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which there was also a lack of controlled, dose-response data, a UF of 5 is large. The selection of a relatively large UF is based primarily on the severity of the neurological complications observed but also on the use of a LOAEL rather than a NOAEL to derive the UL. The UF is not larger than 5 on the basis of the uncontrolled observation that millions of people have been exposed to self-treatment with about one-tenth of the LOAEL (i.e., 400 µg in vitamin pills) without reported harm.

Derivation of a UL. The LOAEL of 5 mg/day of folate was divided by a UF of 5 to obtain the UL for adults of 1 mg/day or 1,000 µg/ day of folate from supplements for fortified food. A UL of 1,000 µg/day is set for all adults rather than just for the elderly because of (1) the devastating and irreversible nature of the neurological consequences, (2) data suggesting that pernicious anemia may develop at a younger age in some racial or ethnic groups (Carmel and Johnson, 1978), and (3) uncertainty about the occurrence of vitamin B12 deficiency in younger age groups. In general, the prevalence of vitamin B12 deficiency in females in the childbearing years is very low and the consumption of supplemental folate at or above the UL in this subgroup is unlikely to produce adverse effects.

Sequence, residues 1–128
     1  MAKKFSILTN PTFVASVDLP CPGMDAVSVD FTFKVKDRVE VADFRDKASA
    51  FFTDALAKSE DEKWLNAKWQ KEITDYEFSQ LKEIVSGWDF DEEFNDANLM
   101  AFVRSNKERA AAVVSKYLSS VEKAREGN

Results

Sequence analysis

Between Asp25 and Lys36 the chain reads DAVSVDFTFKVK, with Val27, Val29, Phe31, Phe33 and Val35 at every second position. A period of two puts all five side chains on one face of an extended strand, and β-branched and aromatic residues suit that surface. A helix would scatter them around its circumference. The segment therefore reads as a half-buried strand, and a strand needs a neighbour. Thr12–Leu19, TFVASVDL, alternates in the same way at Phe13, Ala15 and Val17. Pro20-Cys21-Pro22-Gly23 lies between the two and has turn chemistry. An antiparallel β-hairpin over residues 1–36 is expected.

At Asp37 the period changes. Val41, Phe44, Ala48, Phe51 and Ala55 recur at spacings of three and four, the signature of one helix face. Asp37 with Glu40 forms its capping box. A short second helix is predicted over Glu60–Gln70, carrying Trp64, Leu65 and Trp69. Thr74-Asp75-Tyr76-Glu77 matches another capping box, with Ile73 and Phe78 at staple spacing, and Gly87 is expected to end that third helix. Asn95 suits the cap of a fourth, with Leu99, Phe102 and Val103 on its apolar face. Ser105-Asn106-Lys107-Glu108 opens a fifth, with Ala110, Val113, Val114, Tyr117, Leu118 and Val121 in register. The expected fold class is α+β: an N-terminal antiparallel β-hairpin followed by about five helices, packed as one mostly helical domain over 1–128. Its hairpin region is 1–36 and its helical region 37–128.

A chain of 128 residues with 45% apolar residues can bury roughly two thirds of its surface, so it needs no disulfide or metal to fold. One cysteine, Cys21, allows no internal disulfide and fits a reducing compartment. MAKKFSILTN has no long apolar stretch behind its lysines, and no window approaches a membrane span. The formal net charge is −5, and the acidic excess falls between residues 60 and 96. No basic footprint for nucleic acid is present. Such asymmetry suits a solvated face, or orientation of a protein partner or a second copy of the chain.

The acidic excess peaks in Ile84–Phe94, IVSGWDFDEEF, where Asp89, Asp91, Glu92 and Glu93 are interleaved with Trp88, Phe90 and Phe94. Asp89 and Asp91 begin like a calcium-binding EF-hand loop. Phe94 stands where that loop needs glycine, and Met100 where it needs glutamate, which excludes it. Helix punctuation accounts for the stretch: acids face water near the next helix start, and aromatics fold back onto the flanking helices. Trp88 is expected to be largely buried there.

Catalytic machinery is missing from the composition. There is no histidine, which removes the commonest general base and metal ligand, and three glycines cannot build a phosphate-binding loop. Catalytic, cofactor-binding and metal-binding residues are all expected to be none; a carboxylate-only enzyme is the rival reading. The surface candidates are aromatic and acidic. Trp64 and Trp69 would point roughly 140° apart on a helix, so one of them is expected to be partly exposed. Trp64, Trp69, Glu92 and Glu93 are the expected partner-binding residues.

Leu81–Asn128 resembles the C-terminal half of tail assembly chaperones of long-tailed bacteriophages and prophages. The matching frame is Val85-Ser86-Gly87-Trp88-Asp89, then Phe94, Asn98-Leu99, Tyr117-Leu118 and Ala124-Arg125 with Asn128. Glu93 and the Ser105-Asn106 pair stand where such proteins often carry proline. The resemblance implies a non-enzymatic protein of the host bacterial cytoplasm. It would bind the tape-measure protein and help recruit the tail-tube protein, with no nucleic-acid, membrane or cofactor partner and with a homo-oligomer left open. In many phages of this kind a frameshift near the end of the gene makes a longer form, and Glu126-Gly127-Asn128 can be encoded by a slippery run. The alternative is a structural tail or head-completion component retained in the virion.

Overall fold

Folate UL Summary, Adults

UL for Adults

19 years and older

1,000 µg/day of folate from fortified food or supplements

Other Life Stage Groups

There are no data on other life stage groups that can be used to identify a NOAEL or LOAEL and derive a UL. For infants the UL was judged not determinable because of a lack of data on adverse effects in this age group and concern about the infant’s ability to handle excess amounts. To prevent high levels of intake, the only source of intake for infants should be from food. No data were found to suggest that other life stage groups have increased susceptibility to adverse effects of high supplemental folate intake. Therefore, the UL of 1,000 µg/day is also set for adult pregnant and lactating women. The UL of 1,000 µg/day for adults was adjusted for children and adolescents on the basis of relative body weight as described in Chapter 3. Values have been rounded down.

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